The Environmental Protection Agency is accumulating millions of dollars in its Superfund while, critics charge, it has done little to clean up thousands of hazardous waste dumps around the country.

But EPA officials insist the agency is moving swiftly to implement the trust fund, a program they say is technically complicated and requires substantial planning to avoid waste. They note that EPA has spent $19.8 million on emergency clean-up efforts at 54 sites, and has allocated $39.3 million for long-term remedial work at 40 sites.

Remedial work has been completed at only one of the 115 priority dumps that EPA identified last October. However, long term clean-up work has been started at three others.

Although the agency awarded a well-publicized $4 million grant last July to clean up the Love Canal, none of the money has gone out yet. Sen. Daniel Patrick Moynihan and Rep. John J. LaFalce, both New York Democrats, say remedial construction work there may be delayed until next spring because EPA has dragged its feet on completing a study that the agency says it must finish before work can begin.

Roughly 86 percent of the Superfund comes from quarterly taxes on chemical companies and 14 percent from the federal government. The trust fund is expected to collect $1.6 billion over the next five years, and the money can only be used to clean up hazardous waste sites and spills.

The fund had a surplus of $78 million at the end of fiscal 1981; it expects a surplus of $215 million at the end of fiscal 1982 and $352 million at the end of fiscal 1983. During fiscal 1983, it expects to collect $299 million in taxes on chemical manufacturers, $44 million from federal revenues and $23.5 million in interest, fines and recovery payments from private firms for cleanup efforts. EPA plans to spend $230 million, or about 40 percent, of the $582.2 million that will be available by the end of fiscal 1983.

"The only plausible explanation I can suggest for EPA's not spending the money is that the administration is looking for ways to offset the massive federal deficit," said Rep. James J. Florio (D-N.J.), House sponsor of the 1980 bill that set up the Superfund.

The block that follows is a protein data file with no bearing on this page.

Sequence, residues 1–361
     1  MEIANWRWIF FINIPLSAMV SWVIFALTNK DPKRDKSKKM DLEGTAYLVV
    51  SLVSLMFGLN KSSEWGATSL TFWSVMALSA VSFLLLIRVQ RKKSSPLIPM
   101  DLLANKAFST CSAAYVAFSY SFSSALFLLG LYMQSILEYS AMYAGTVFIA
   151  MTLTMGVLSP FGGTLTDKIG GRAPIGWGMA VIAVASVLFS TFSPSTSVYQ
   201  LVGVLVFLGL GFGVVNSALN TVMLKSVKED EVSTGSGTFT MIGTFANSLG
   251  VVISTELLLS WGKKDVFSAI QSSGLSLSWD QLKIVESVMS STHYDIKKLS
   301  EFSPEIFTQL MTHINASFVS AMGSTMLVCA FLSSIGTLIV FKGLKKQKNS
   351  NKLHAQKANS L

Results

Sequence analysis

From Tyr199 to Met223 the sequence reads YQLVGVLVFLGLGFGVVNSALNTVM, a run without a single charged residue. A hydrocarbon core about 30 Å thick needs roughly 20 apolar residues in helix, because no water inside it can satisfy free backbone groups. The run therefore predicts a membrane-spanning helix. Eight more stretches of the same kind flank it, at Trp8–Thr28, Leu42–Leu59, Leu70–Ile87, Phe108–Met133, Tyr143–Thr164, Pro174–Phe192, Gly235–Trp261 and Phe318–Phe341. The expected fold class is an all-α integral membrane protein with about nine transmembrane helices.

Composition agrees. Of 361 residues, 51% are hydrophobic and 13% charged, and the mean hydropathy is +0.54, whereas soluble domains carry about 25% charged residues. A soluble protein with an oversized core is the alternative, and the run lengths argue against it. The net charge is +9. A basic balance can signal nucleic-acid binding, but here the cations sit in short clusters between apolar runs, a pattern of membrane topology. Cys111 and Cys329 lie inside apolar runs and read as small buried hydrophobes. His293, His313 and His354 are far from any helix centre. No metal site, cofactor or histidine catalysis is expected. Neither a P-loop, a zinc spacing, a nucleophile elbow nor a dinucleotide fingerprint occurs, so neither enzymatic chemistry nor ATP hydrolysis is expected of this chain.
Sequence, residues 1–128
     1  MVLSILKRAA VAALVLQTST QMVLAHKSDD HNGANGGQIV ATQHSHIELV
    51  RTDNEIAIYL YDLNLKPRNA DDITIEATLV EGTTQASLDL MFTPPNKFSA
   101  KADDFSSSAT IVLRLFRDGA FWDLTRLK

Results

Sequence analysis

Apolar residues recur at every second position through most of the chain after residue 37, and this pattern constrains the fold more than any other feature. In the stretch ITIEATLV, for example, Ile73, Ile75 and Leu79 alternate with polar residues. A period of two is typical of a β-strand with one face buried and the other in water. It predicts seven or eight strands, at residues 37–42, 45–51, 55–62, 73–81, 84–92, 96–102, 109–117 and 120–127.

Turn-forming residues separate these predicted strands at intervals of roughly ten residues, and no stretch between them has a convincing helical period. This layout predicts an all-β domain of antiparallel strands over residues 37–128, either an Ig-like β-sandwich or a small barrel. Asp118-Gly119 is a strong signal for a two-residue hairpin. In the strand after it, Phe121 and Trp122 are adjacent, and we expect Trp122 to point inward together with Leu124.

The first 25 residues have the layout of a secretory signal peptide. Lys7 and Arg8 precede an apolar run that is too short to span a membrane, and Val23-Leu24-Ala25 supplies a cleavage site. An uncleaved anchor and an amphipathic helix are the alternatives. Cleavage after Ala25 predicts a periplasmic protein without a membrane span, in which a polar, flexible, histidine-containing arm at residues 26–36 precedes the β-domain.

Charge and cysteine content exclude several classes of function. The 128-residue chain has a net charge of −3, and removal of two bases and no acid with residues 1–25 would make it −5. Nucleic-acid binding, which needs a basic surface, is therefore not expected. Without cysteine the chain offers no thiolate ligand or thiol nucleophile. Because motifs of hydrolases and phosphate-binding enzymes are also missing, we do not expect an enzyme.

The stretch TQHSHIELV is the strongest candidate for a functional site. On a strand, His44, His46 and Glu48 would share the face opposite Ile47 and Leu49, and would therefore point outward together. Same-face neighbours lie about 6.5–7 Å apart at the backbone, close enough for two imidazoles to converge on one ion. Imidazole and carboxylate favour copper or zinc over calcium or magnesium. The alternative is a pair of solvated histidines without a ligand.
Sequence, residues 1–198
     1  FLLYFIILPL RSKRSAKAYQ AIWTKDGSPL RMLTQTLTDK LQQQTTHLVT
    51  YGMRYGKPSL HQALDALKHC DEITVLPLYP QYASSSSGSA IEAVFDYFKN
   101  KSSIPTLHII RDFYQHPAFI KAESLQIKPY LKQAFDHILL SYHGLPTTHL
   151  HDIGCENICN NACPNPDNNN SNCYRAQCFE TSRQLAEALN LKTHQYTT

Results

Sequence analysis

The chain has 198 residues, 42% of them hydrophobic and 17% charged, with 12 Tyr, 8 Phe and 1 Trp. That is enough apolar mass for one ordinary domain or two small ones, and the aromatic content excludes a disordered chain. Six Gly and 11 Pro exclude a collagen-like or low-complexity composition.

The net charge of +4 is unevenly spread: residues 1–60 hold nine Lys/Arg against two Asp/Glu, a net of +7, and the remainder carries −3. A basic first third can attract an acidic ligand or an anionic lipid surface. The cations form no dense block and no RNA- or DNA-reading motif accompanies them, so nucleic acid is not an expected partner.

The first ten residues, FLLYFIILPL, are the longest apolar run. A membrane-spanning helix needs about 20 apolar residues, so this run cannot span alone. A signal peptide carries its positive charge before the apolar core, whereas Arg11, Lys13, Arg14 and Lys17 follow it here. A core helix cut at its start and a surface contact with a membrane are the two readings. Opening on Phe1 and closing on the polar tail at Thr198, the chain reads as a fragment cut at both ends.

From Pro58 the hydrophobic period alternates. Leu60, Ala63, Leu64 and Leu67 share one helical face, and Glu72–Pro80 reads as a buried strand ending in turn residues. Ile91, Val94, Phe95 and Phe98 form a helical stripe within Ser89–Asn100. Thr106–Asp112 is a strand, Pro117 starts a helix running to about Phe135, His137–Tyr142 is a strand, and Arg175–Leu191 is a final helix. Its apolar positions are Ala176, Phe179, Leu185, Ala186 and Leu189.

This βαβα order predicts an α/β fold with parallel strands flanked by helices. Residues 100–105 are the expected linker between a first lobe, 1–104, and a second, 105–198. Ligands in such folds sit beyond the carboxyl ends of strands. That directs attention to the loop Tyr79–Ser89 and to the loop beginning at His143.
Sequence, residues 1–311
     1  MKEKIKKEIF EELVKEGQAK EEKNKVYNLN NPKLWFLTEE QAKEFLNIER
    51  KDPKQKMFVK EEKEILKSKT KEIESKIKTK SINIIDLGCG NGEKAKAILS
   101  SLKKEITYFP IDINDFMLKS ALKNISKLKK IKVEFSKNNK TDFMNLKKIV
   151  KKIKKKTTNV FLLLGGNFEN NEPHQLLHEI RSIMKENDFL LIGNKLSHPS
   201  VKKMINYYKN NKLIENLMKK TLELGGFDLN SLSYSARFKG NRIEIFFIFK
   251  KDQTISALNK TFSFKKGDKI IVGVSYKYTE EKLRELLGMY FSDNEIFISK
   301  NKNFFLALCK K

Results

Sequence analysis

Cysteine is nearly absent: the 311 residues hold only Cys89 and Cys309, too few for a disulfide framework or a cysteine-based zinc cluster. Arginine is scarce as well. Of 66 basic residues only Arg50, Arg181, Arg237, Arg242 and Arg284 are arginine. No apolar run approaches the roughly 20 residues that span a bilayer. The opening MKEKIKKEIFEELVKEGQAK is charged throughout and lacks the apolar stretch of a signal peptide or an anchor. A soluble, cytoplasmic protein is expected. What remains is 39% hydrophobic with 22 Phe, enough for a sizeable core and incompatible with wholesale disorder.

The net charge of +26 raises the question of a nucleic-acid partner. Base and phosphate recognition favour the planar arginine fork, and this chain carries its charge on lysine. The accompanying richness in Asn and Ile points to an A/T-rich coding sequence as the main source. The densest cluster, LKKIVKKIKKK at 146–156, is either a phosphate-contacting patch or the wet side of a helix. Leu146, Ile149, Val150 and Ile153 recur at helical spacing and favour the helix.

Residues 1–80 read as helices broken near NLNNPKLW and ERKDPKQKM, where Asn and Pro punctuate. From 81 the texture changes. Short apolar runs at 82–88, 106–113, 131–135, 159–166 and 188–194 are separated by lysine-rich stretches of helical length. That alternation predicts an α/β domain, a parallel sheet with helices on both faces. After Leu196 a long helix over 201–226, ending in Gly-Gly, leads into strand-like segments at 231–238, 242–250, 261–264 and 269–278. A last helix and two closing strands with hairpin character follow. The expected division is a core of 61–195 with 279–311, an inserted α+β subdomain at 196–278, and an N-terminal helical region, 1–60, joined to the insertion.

Hugh Kaufman, assistant to the director of EPA's hazardous waste control site, who has charged his agency with inaction, suggested another reason: "If by September, 1983, there's $900 million left, we can no longer collect Superfund taxes from industry."

William Hedeman, director of EPA's Superfund office, called Florio's suggestion "not only unreasonable, but absurd mathematics," noting the Superfund surplus is only a small percentage of the deficit. He said once projects proceeded from the planning to the construction stage, spending would boom.

EPA estimates the fund will pay to clean up 170 of the nation's 10,000 hazardous waste sites. Hedeman added that EPA expects to convince private firms to pay for work at many more dumps.

Letters are going out this month to negotiate private cleanup efforts at 100 of the 115 sites identified by EPA last fall as possible candidates for Superfund monies. Critics charge the negotiations could take months or even years, but Hedeman said if a delay seemed likely, the agency would proceed on its own, and possibly sue in court to recover triple damages.

Hedeman noted that most of the long-term, remedial projects are still in the planning stage. Kaufman said that is because "the administration has set up an elaborate red-tape system." Kaufman argued that the enormous amount of paperwork required by the current EPA is unnecessary, and in some cases enough information is already known for work to begin immediately.

Other critics place the blame for delays on the absence of an assistant administrator for solid waste and emergency response, who would have overall responsibility for the program. The Senate Environment and Public Works Committee is scheduled to hold hearings this afternoon on the controversial nomination of Rita M. Lavelle to fill that position. Lavelle previously worked as a public affairs official for Aerojet Liquid Rocket Co., whose parent company has been charged with dumping large amounts of toxic wastes in California ponds and swamps.